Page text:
The 11 Most Awesome World Records of 2010

In 2010, the RecordSetter received and processed thousands of new world records from over 35 countries around the planet. Hearty congrats to everyone who got involved and showed off their awesomeness. It wasn't easy, but here are our 11 favorite feats of the year, as selected by the RecordSetter staff and community.

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Say the word "labyrinth," and most 80s-raised minds think, "David Bowie in alarmingly tight spandex." This video manages to equal the thrills of said film in just two minutes and 37.8 seconds. That's how long it took Alon Mass, a steady-handed neurosurgeon, to guide two marbles through the wooden maze of Labyrinth. For added bonus, check out Alon's other RecordSetter triumphs: Fastest Time to Complete A Game Of Labyrinth, and Fastest Time To Complete A Backwards Game Of Labyrinth.

Due to compact size, low centers of gravity and flexible limbs unencumbered by creaks, children can hurl themselves about with minimal damage done. In 2010, this principle was demonstrated by two kids on opposite sides of the world: NYC's Jasper Jacobs, and Emma Craig in South Australia. In February, Jasper created the record for most assisted flips in a minute, performing 20 backwards somersaults with help from his dad. This activated the Spidey senses of Ms. Craig, who completed 23 flips with gymnastic gusto. Ah, kids.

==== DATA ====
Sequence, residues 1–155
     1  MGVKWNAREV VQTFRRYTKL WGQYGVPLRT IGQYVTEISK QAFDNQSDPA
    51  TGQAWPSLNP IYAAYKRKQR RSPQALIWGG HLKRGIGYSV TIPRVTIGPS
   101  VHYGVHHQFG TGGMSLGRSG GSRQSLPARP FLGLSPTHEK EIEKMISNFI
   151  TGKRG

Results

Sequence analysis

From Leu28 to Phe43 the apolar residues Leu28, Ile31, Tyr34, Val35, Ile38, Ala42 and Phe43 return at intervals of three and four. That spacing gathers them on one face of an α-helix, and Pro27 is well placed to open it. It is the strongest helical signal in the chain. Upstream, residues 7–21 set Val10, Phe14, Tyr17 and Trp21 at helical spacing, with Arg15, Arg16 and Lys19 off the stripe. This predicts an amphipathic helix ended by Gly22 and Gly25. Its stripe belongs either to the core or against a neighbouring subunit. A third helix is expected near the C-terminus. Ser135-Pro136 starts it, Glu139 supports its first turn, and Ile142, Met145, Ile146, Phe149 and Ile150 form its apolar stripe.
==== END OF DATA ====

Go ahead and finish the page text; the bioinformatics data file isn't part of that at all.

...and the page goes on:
Words With Friends

Record #9 is controversial: in this hotly contested Words With Friends category, Chris Buccino's 1434-point play of the word "commercializing" sparked debate over the validity of "set-up" records. If two players conspire to create an epically high score, is that cheating? Not since the sound of one hand clapping has humanity been confronted with such a philosophical conundrum. The record stood, and a few months later was bested by 38 points courtesy of Trevor G's "conceptualizing". Well conceptualized, Trevor!

Add a straw to any drink and you get instant refinement, regardless of beverage. Even if you're sitting on the floor, slurping a soda. Following this impenetrable logic, Canada's Mel Sampson of K-Rock 89.3's "The Drive Home With Mel" is the most respectable consumer of cola in the land. After her RecordSetter world record for Longest Straw Used to Drink a Coca-Cola was usurped -- twice -- she reclaimed it in spectacular style, more than doubling the distance of her rival Eric Thiem with a 17.22-meter tube. Classic.

RecordSetter's Break Cancer partnership with the LIVESTRONG Young Adult Alliance has inspired heaps of records that carry an important message: cancer needs to scram, pronto. Cancer survivors and others have raised awareness with such activities as hula hooping and dancing an extra-festive "Robot". For sheer attention-grabbing power, though, you can't go past 35 people – including one brave female – shaving their heads at the same Austin, Texas event. (Oh wait, this record just got broken.)